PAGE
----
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Big Pharma loses a court battle in its bid to block states from importing drugs from Canada

In a setback to the pharmaceutical industry, a federal judge has tossed a lawsuit that sought to prevent state governments from importing medicines from Canada. CPPI warns that access to personal prescription importation is critical for millions of American patients who depend upon it for affordable access to medications, and is pleased that personal importation was not impacted by this court ruling.

In a 26-page opinion, U.S. District Court Judge Timothy Kelly ruled that drug companies failed to prove they would face a “concrete risk of harm” from a federal rule that would allow states to import medicines.

PhRMA the lobbying arm of the pharmaceutical industry was joined in the failed suit by the Big Pharma front groups Partnership for Safe Medicines and Council for Affordable Health Coverage.

Judge Kelly stated that any harm is only speculative because there is no guarantee the federal government will approve any state proposal. As a result, the industry did not have standing to file suit.

Personal Not Wholesale Importation Delivers the Savings Patients Need

CPPI has long warned that wholesale/state importation plans could have the unintended consequence of cutting Americans off from the licensed pharmacies on which they depend. State wholesale importation plans add pricey middlemen that cut into patients’ proposed savings.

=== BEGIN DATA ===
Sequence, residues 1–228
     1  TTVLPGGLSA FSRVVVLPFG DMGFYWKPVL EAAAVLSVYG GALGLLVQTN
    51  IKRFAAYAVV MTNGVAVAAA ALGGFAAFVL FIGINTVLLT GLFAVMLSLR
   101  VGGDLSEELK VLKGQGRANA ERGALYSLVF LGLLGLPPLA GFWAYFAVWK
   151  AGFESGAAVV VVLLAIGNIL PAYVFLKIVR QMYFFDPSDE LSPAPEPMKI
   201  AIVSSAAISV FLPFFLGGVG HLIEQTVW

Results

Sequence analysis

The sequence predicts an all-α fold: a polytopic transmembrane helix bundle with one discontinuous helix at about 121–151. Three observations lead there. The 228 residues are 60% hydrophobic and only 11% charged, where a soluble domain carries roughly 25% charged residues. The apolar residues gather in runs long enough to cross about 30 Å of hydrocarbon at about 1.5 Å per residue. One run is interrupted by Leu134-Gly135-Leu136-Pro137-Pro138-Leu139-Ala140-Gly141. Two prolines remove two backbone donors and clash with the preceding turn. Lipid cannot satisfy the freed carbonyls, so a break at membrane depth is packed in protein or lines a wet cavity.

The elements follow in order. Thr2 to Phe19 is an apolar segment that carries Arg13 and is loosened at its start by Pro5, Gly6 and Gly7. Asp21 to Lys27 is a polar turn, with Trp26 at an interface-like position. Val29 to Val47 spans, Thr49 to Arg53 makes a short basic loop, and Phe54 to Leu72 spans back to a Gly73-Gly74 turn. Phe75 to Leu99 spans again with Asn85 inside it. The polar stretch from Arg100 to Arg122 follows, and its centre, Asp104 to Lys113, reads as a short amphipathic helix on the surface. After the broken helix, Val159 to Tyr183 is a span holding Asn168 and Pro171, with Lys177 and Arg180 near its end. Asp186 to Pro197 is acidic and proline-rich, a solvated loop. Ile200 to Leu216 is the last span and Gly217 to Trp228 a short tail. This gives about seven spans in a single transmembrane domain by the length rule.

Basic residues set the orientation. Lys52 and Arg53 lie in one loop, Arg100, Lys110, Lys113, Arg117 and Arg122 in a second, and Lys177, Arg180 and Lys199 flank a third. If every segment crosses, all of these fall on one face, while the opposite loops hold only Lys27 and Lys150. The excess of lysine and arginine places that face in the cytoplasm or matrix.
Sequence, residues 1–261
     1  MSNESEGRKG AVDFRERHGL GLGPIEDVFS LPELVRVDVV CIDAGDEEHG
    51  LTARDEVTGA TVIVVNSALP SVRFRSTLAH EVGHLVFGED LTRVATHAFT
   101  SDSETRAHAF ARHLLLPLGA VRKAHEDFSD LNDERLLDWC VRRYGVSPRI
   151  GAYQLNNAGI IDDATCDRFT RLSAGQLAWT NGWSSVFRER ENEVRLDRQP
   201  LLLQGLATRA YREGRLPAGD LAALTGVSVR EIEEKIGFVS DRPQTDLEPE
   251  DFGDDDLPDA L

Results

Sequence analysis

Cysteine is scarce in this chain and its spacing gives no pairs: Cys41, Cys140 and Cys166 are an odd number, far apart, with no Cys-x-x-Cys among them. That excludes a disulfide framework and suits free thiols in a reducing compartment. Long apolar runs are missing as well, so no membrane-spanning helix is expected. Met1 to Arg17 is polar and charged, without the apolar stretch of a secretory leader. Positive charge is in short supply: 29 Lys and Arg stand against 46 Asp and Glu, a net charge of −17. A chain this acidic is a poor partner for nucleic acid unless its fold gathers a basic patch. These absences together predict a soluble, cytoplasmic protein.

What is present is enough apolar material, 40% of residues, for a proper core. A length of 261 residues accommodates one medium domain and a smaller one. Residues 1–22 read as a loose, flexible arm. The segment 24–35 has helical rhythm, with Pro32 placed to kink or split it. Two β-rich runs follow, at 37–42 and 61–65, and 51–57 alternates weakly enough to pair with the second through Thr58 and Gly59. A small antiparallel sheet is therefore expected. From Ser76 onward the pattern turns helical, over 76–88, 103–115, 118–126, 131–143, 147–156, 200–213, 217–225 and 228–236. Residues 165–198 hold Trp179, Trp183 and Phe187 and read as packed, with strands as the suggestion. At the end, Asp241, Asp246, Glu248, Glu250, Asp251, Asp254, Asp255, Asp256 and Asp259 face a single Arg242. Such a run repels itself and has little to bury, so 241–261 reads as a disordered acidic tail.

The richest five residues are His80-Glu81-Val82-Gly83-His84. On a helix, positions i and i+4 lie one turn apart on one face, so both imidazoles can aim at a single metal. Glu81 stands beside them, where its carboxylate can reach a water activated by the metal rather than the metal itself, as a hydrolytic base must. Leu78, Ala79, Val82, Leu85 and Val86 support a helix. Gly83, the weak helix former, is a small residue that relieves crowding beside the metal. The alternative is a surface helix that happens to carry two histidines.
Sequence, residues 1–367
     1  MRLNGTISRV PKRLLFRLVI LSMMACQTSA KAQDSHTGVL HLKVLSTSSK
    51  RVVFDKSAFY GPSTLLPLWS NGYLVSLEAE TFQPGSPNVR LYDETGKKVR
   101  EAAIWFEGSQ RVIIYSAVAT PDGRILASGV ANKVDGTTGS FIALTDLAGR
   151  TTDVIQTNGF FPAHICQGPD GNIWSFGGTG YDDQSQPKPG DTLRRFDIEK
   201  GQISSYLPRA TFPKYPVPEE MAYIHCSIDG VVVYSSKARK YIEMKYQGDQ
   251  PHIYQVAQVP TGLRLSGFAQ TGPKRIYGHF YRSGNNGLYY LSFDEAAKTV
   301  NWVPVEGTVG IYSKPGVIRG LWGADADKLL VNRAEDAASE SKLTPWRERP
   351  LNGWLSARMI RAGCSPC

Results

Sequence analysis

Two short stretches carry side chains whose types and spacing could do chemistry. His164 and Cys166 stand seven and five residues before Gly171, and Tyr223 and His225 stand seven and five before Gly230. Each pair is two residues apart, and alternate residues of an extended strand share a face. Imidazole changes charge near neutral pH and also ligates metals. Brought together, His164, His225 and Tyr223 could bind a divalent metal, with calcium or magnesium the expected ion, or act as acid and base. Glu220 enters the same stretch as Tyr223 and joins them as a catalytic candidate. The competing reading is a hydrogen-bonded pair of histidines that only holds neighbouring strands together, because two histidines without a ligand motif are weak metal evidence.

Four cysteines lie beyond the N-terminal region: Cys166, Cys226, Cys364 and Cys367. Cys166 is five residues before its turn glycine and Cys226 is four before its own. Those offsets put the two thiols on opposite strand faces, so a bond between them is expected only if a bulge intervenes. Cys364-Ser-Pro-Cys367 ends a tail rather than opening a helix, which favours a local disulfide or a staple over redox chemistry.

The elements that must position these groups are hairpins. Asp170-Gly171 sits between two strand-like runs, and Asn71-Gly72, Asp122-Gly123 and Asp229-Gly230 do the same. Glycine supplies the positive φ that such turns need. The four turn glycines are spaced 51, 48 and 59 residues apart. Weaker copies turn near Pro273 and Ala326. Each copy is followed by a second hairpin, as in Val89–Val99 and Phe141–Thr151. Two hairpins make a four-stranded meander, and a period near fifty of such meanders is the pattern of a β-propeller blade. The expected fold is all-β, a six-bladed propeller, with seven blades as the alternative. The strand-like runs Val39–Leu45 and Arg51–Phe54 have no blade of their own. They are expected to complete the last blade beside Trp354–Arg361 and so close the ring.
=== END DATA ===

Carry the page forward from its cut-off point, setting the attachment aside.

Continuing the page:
“Americans are in dire need of affordable access to critical medications that importation can offer, but wholesale state importation is not the solution,” says Jack Pfeiffer, executive director of CPPI. “Only personal importation, which avoids use of pricey middlemen and layers of bureaucracy, can deliver the savings that Americans need, particularly those on fixed incomes.”

Americans importing prescription drugs for personal use report saving 36% more in 2021 than 2020, in survey results released today by the Campaign for Personal Prescription Importation (CPPI). Average annual savings increased by over $1,000 to $3,744 per person in 2021, up from $2,736 in 2020, through purchases from licensed Canadian pharmacies compared to costs in the U.S. Those substantial savings offered to Americans through importation would diminish rapidly under state wholesale plans.

The state wholesale importation plans are laden with extensive requirements that add layers of bureaucracy, which would take years to implement. Moreover, there is extensive opposition to State and tribal wholesale importation programs. Canadian regulatory restrictions, federal approval, and legal challenges remain obstacles for state wholesale importation programs to become operational.

Since 2017, state legislatures across the country have taken over 120 legislative actions to try to reign in high drug costs. Efforts aimed at importation programs have taken hold in six states. There is opposition to the wholesale importation pathway these states are pursuing because it would not deliver the full savings to patients, instead, programs would layer in new middlemen.

None of the State Importation Programs have been enacted as of yet. U.S. and Canadian regulatory restrictions, as well as legal challenges, remain obstacles for these state pursuits.

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